if they feel uncomfortable and need time to be alone and

3. STAY CALM! If you get hysterical and start crying, they
will pick up on your fear and it will have a negative effect
on their perception of the virus.

4. Ask them if they've ever been tested for STD's, HIV, etc.,
or if they've ever had an STD. That will get THEM talking
about it first, and will give you some insight on their STD
background and attitude. You could also try bringing it up
in the context of a "safe sex" talk. Ask them how they feel
about safe sex, do they use condoms, etc. Tell them that safe
sex is very important to you, because once you were "unlucky"
and got an STD.

5. If possible, have some pamphlets or printed information
on herpes to give them, so they can read it over later. ASHA
has some excellent pamphlets called "Telling your partner
about herpes" and "When your partner has herpes."
(go to www.ashastd.org for pamphlet ordering info.)

6. After you tell them you have herpes, ask them "what do
you know about it? Again, it will get them talking and will
take the pressure off of you. It will also help you understand
what THEY know, so you know how much information you need to
give them. (Odds are, even if they don't have it, they may
have a friend who has it and may know something about it.)

7. Ask them if they have any questions about it, and try
to answer whatever questions they have as calmly and as
honestly as you can. If they ask you something you don't know,
tell them you don't know, but that the two of you can
research it together. Recommend some websites they can look
at when you're not around.

8. Don't panic if they don't take the news well at first!
Some people need time to think about something like this.
Some people might accept it right away, some might panic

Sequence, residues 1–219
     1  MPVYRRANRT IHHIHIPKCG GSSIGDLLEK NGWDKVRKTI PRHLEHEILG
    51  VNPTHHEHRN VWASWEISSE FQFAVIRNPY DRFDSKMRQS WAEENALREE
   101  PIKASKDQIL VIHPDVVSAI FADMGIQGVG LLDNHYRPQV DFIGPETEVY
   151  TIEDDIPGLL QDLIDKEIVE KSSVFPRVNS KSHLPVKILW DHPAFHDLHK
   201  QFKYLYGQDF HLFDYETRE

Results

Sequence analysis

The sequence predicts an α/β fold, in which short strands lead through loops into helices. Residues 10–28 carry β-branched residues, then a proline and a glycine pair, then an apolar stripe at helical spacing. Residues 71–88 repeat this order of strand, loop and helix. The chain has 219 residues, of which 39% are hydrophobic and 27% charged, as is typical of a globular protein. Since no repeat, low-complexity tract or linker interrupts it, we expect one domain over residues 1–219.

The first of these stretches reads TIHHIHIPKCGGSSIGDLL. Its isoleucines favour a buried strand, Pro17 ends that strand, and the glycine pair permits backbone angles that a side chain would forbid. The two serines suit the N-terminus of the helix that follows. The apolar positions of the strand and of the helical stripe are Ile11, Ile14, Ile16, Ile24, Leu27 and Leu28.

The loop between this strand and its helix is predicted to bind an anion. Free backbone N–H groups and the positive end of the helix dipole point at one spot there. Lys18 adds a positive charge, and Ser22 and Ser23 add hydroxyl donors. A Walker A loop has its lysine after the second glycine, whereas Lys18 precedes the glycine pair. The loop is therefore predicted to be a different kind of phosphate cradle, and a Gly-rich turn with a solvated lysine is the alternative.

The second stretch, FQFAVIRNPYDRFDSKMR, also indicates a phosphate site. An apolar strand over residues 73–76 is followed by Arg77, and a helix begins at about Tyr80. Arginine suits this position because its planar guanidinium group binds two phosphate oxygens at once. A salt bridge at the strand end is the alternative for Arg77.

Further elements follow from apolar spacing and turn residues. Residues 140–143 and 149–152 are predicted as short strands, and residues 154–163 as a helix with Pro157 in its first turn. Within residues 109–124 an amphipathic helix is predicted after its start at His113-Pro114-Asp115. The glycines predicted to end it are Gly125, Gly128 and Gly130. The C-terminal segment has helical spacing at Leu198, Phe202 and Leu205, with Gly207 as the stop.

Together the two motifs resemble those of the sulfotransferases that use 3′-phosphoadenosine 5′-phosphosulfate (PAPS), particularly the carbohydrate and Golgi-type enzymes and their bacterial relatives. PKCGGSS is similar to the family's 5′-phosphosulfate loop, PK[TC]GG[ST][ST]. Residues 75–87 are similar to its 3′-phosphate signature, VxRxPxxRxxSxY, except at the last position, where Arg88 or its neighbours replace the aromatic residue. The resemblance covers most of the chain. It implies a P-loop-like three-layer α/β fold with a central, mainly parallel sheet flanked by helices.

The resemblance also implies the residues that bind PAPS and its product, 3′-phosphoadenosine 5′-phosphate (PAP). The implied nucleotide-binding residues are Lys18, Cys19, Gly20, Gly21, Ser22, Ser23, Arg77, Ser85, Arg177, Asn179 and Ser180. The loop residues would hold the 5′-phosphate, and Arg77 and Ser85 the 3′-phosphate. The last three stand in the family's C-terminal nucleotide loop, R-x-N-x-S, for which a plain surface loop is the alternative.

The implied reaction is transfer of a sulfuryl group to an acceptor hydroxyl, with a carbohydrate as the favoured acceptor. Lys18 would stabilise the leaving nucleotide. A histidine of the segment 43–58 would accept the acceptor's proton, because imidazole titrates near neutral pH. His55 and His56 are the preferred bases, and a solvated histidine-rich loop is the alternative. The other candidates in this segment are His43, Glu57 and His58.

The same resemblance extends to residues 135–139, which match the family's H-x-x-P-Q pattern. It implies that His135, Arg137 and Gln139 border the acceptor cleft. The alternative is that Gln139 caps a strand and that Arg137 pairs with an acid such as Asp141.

and reject you at first, but they may change their mind
in a day or two (or a week or two)...you never know.

Saturday, September 24, 2005

Koi Herpes Virus at it again in Indiana

Fish dying from the koi herpes virus. Last month
I told you about an outrageous number of fish
dying in the Southern Tier of NY on Chautauqua Lake.

Now it's happened again on Wolf Lake in Indiana.

Luckily, the herpes virus which is affecting these
fish is not the same herpes virus which is common in
humans and which is not life threatening. Mind you,
there are always exceptions to every rule, but for
the majority, it's simply a skin condition.

Read the article:

Friday, September 23, 2005

Before you get naked

The honest and moral thing for two people who are embarking on a
physical relationship is to talk about STD's and to let their possible
mate know of their situation, if they in fact have any STD's.

How about making a first date to go "find out" your status, especially
before you have sex. All of us are too quick to think 'It won't happen
to me!!' Don't kid yourself, I used to think the same way.

People who are aware of the fact that they have an STD (ie: herpes, HIV
or whatever) should be doing the right thing by telling their partners,
and we would hope that their partners felt the need to be responsible too.
None of us are immune to STD's and could be living with one and not even be aware.

I contracted Herpes from a guy who probably knew he had herpes but
failed to tell me. Mind you, it was my own fault for not requiring
more of the men who I had been meeting and having sexual relations
with. Heck, I never brought the subject up either, so I guess at
that time, it made me no better than him. Never assume that
everything and everyone is OK. Contrary to popular belief, people
who have herpes DO NOT walk around with a scarlet H attached to
their forehead.

Thursday, September 22, 2005

Herpes humor

Hey did you hear about the new STD?

It's called "chirpies". It's a canarial disease for which there is no tweetment....


sent to me from my good friend Chuck and of course, now he thinks he'll be famous. Luv ya Chuck. Rock on

Monday, September 19, 2005

Outbreak during pregnancy

Can I have a normal delivery? Should I plan to have a cesarean
(c-section) to deliver my baby?

Here is a good response to many of those questions about
pregnancy and herpes.

Betsy said:
First of all since you've had herpes prior to becoming
pregnant your only risk is during delivery. Herpes only affects
the baby in utero if it's newly acquired during pregnancy. Even
then it's only a 5% chance which is fairly low ( your risk of
having a baby with a birth defect in general is around 3% to help
you put it in perspective ).

Your baby is protected by the amniotic sac and the thick mucous